Knowing Goethe's classical preferences in art, I am thus of two minds whether he would have appreciated the fine works on display at The Japan Society here in Manhattan. My friend Suzanne was visiting New York over the Thanksgiving weekend and phoned to ask if I would accompany her to a "textile show" at the Society. Little did I know that it was a major exhibition of the works of Serizawa Keiskuke (1895-1984), designated a "living national treasure" in his lifetime.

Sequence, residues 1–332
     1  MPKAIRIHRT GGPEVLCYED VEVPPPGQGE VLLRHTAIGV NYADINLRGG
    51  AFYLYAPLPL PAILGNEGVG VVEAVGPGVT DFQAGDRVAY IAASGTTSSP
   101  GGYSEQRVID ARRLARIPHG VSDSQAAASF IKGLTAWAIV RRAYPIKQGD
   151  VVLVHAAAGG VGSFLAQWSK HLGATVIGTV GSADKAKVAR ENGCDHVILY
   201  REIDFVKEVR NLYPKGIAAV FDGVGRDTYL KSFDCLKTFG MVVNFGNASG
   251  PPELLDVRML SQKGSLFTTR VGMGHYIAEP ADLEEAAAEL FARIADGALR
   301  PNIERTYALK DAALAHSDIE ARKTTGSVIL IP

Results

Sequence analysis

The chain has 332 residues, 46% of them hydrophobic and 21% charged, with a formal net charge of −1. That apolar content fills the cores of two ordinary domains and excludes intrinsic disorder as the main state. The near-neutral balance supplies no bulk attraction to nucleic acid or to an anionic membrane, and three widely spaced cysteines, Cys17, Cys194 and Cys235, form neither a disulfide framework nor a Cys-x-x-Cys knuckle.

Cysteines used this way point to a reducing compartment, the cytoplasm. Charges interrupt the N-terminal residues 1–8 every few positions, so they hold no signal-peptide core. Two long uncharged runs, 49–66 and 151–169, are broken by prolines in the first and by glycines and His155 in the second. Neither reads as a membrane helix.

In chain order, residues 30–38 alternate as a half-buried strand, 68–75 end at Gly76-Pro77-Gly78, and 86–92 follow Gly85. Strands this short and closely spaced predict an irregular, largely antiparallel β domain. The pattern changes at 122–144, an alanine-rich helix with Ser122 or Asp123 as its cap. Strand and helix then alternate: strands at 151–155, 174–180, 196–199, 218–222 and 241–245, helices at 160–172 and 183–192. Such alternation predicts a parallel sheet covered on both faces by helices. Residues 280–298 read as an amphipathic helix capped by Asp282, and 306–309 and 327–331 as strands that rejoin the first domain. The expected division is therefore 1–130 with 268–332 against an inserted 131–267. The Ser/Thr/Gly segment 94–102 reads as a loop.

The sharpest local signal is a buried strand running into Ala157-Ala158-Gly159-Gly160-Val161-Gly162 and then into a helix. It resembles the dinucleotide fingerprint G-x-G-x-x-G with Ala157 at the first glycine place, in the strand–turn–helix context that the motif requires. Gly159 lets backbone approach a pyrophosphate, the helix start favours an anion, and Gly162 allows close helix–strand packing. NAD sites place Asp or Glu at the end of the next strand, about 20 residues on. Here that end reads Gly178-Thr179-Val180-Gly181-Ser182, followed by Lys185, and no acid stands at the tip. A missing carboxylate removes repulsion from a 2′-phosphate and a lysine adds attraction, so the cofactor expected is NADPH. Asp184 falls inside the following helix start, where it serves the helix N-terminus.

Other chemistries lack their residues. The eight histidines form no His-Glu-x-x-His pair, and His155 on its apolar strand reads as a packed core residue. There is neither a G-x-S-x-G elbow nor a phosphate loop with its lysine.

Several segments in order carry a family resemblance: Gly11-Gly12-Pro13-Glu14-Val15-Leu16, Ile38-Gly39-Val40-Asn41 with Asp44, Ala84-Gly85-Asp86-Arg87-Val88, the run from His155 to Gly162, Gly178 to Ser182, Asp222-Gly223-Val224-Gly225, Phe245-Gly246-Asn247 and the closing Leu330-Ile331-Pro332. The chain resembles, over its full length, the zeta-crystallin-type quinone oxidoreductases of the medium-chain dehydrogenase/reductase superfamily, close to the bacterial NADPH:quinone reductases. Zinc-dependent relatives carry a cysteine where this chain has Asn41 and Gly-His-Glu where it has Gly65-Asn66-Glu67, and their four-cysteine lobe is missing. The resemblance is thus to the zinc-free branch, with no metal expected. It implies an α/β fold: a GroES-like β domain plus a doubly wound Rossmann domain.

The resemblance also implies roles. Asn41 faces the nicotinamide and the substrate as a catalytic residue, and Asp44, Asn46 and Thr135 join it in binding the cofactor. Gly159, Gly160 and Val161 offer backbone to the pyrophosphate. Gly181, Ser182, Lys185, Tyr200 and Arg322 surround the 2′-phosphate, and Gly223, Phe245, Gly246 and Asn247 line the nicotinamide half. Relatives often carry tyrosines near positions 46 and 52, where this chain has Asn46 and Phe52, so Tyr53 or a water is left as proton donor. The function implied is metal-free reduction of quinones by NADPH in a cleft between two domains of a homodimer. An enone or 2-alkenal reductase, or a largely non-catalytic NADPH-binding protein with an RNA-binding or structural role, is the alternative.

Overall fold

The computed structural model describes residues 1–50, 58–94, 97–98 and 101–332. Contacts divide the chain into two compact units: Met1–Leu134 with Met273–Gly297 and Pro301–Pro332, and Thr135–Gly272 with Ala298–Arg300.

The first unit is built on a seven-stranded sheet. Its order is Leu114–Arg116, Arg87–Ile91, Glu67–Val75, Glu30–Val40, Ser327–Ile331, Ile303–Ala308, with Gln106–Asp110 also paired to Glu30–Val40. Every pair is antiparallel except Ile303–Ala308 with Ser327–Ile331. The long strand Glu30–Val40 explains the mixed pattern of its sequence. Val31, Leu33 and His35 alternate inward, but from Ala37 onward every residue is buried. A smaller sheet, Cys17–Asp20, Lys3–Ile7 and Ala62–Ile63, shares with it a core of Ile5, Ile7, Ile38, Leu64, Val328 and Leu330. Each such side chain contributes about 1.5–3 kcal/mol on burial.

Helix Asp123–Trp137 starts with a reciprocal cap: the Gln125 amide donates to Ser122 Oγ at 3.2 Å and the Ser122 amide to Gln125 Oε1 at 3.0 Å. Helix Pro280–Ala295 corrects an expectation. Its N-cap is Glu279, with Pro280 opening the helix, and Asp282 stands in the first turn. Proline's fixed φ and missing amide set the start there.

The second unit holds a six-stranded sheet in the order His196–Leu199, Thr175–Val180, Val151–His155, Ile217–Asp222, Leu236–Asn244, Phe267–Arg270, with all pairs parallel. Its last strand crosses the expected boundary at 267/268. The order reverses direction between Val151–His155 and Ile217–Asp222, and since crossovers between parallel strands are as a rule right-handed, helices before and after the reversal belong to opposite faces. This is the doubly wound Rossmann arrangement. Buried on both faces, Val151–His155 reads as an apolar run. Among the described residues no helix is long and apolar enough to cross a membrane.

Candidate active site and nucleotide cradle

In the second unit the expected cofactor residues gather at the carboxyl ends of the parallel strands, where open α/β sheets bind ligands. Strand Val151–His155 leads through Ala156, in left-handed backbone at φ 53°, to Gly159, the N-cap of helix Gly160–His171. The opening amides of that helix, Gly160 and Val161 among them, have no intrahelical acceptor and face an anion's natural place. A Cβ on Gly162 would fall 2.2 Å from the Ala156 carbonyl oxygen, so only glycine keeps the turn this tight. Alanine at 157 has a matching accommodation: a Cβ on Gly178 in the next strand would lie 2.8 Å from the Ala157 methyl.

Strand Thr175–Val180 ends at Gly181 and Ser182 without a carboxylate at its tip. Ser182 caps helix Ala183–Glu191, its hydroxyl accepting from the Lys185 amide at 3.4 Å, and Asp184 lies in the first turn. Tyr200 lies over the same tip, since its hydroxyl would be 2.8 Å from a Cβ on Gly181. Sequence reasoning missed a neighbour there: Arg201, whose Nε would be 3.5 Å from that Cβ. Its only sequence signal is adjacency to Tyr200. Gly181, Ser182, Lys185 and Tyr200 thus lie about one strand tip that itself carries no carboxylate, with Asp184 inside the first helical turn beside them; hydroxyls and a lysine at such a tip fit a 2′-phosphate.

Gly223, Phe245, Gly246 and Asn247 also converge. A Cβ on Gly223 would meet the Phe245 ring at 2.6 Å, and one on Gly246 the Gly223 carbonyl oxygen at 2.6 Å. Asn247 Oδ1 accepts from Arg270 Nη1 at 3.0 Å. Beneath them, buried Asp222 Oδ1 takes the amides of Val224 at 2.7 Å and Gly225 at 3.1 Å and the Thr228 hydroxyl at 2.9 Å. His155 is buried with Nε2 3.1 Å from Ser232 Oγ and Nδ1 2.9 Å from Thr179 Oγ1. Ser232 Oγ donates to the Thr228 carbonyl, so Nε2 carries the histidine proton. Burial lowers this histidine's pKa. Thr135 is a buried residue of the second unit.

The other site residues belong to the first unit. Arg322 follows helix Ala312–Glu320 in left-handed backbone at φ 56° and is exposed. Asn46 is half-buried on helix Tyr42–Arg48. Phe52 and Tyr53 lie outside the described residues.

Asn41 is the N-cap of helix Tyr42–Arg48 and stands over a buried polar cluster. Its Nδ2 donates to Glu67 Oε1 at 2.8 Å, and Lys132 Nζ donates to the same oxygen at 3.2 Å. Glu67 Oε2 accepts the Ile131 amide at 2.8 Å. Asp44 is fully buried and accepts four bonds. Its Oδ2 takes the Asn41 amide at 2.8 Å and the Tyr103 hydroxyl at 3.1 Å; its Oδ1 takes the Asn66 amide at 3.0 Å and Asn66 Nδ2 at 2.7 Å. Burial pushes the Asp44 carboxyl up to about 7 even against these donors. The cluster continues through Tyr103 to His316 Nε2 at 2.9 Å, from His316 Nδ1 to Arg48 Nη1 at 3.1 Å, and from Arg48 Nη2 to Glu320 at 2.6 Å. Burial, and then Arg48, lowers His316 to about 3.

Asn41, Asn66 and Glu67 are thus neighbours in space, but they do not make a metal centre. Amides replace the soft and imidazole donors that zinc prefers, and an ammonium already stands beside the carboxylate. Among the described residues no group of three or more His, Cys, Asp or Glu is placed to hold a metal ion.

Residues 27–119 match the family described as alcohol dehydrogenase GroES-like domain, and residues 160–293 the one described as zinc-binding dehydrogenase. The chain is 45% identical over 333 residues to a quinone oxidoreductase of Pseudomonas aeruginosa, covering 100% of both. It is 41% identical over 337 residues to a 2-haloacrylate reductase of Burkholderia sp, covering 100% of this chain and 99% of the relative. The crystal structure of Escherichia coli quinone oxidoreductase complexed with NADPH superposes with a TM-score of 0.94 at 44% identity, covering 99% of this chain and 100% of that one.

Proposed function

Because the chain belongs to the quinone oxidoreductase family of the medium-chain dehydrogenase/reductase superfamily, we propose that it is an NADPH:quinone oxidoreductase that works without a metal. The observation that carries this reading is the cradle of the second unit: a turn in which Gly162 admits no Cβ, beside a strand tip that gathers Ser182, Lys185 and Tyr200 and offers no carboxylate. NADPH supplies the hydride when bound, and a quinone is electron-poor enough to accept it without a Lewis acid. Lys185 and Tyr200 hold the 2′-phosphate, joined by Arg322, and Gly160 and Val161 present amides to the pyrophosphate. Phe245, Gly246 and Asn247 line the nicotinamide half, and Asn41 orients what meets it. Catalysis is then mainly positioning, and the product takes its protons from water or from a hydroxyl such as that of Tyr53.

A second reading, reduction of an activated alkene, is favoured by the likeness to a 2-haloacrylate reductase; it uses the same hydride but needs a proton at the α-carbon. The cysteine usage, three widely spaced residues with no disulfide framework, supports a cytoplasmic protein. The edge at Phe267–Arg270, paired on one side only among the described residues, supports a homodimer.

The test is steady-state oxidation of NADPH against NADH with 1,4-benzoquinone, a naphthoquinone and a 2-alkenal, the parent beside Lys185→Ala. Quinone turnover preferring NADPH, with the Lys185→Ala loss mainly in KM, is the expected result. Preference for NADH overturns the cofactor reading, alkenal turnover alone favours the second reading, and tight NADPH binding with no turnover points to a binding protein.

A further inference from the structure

The works were imaginative and eye-catching, in the true sense of that word, and often drawing on Japanese and Okinawan folk tradition, then (after World War II) absorbing something like a modernist aesthetic. Since I spent several years living in Japan, I was also reminded of the very different Japanese color sense, a preference for bold, unmodulated colors. I can't help feeling that Goethe would have found this stencil print very jarring. On the other hand, he would have been compelled to try to understand it. It's a shame that Goethe wrote his essays on art and literature before the effects of the "world literature" that he envisioned came to pass. These essays often come across as pedestrian, indeed pedantic, an effect that seems dictated by the narrow nature of the mostly European subjects he wrote about. An exception, of course, is Goethe's foray into the literature and culture of the Middle East, with The West-East Divan, in particular the notes that accompany it. With Japan's opening in the 1850s, however, the era of "world literature," with its manifold possibilities of artistic and literary exchange, moved beyond its Eurocentric source. Interestingly, Islamic and Chinese cultures, which Goethe did explore, have been resistant to absorbing the "universalist" ideas implicit in the notion of world literature. Long-standing imperialist cultures have their own ideas of universality.